Thriving on raw eggs, world's oldest person marks 117th birthday in Italy | Reuters
By Reuters Staff | VERBANIA, Italy VERBANIA, Italy Emma Morano, thought to be the world's oldest person and the last to be born in the 1800s, celebrated her 117th birthday on Tuesday, still swearing by her diet of two raw eggs a day.Morano was born in November 1899, four years before the Wright brothers first took to the air. Her life has spanned three centuries, two World Wars and over 90 Italian governments.Friends, neighbors and her doctor gathered in her small apartment in the northern town of Verbania, on the shores of Lake Maggiore, to mark the latest milestone, presenting her with a large white birthday cake. 'My life wasn't so nice,' she told Reuters TV as she sat in an armchair by her window, a white shawl over her shoulders.
By Reuters Staff
| VERBANIA, Italy
VERBANIA, Italy Emma Morano, thought to be the world's oldest person and the last to be born in the 1800s, celebrated her 117th birthday on Tuesday, still swearing by her diet of two raw eggs a day.Morano was born in November 1899, four years before the Wright brothers first took to the air. Her life has spanned three centuries, two World Wars and over 90 Italian governments.Friends, neighbors and her doctor gathered in her small apartment in the northern town of Verbania, on the shores of Lake Maggiore, to mark the latest milestone, presenting her with a large white birthday cake.
"My life wasn't so nice," she told Reuters TV as she sat in an armchair by her window, a white shawl over her shoulders. "I worked in a factory until I was 65, then that was that."In an interview with La Stampa newspaper five years ago she said her fiance had died in World War One and that she had then been forced to marry a man she did not love.
"'Either you agree to marry me or I will kill you'," Morano said, recalling his proposal. "I was 26. We got married."It was not a happy marriage. They had a boy in 1937, but the baby died after just six months and the following year Morano kicked out her abusive husband. "I separated from him in 1938. I think I was one of the first in Italy to do that."
Morano lives alone and has outlived all her eight brothers and sisters, including one who died at 102. She has thrived despite an unorthodox, unbalanced diet. "When I first knew her she used to eat three eggs a day. Two raw, and one fried. Today she has slowed down a bit, reducing the number to two some days because she says three can be too much," her doctor Carlo Bava told Reuters TV. "She has never eaten much fruit or vegetables. Her characteristic is that she always eats the same thing, every day, every week, every month and every year."
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GOMA, Democratic Republic of Congo An appeals court in Mauritania overturned the convictions of three anti-slavery activists on Friday and reduced the sentences of 10 others for their alleged role in a riot in June, Amnesty International said.A tribunal had sentenced the 13 members of the Initiative for the Resurgence of the Abolitionist Movement (IRA) in August to up to 15 years in prison after a protest against eviction by residents of a slum in the capital Nouakchott, many of whom are themselves former slaves.U.N. experts said the activists' trial was marred by serious rights violations, citing reports of torture in detention and irregularities during the court proceedings.In addition to the three whose convictions were overturned, seven others are now to be released on time served, Amnesty said in a statement. "The release of three anti-slavery activists who had been unfairly sentenced to up to 15 years for peacefully expressing their opinions is a huge relief," said Kine Fatim Diop, Amnesty's West Africa campaigner."However the fact that the appeals court still convicted 10 of them and three activists remain in jail represents a distressing sign of the shrinking space that human rights activists and civil society organizations are facing," Diop added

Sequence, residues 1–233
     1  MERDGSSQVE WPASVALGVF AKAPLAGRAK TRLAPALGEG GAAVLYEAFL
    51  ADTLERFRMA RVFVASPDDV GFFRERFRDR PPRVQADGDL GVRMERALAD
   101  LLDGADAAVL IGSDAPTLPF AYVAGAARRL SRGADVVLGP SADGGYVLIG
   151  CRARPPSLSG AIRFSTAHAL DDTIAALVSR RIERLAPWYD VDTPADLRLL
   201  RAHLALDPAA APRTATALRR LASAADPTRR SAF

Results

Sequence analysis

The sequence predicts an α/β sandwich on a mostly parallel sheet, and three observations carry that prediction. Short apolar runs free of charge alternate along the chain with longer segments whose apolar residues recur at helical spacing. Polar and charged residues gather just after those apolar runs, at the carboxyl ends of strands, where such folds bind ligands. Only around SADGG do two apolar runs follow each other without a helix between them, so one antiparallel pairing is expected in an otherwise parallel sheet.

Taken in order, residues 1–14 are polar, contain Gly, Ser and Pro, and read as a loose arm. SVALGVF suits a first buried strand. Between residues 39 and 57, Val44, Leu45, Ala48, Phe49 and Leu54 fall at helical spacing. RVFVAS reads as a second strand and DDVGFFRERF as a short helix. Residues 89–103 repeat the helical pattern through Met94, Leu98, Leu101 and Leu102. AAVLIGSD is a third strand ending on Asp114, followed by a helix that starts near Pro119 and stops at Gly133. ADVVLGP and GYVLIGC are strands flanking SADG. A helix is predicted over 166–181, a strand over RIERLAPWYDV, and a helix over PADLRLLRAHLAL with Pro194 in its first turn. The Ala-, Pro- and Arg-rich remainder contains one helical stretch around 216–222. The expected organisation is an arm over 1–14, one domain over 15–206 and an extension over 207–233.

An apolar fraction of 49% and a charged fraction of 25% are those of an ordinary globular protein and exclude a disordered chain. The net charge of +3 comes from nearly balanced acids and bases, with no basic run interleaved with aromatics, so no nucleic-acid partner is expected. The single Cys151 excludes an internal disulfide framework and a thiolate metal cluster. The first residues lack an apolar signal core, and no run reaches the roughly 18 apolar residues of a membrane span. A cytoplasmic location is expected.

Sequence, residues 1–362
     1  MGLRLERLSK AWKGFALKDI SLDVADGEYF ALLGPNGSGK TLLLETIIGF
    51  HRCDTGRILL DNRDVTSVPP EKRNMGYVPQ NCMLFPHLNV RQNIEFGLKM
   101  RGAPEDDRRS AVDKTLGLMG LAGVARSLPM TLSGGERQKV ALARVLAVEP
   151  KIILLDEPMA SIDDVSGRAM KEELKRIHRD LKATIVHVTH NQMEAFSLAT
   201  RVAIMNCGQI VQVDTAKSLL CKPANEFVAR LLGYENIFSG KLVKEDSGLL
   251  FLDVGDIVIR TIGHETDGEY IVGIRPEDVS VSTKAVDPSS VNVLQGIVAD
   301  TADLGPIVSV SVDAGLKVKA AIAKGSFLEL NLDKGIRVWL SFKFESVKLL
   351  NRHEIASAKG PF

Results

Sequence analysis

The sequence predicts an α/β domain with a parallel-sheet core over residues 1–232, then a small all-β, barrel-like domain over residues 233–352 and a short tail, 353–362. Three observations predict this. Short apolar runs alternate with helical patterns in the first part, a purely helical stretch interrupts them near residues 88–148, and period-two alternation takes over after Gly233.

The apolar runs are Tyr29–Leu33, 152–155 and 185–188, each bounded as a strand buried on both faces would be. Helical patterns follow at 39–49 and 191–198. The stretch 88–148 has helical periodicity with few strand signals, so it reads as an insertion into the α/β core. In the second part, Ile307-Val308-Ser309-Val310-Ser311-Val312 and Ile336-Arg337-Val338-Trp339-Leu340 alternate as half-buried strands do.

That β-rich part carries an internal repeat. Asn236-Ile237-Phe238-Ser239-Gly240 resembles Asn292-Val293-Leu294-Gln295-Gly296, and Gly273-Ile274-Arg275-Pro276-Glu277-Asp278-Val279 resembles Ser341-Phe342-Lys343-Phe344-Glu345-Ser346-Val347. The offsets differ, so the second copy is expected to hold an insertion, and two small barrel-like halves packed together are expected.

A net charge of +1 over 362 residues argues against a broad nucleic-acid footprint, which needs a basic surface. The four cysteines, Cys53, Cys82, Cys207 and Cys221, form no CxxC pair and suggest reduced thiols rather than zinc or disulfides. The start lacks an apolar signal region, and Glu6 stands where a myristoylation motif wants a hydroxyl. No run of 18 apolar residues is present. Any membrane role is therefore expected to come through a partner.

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By Sylvain Andzongo | YAOUNDE YAOUNDE Security forces in Cameroon arrested about 100 people during days of protests over alleged discrimination against minority English-speaking people, Communications Minister Issa Tchiroma Bakary and a senior security source said on Wednesday.Bakary said vandals who mingled with the demonstrators smashed shops in the northwestern town of Bamenda during the protests during which one person was killed.A second security source said the demonstrators also wanted independence for Cameroon's two English speaking regions and the departure of President Paul Biya, who has been in power since 1982 and is one of Africa's longest serving rulers.French is spoken in eight of Cameroon's 10 regions and English in the northwestern and southwestern regions. Bakary said reinforcements in Bamenda were helping security forces return the situation to normal.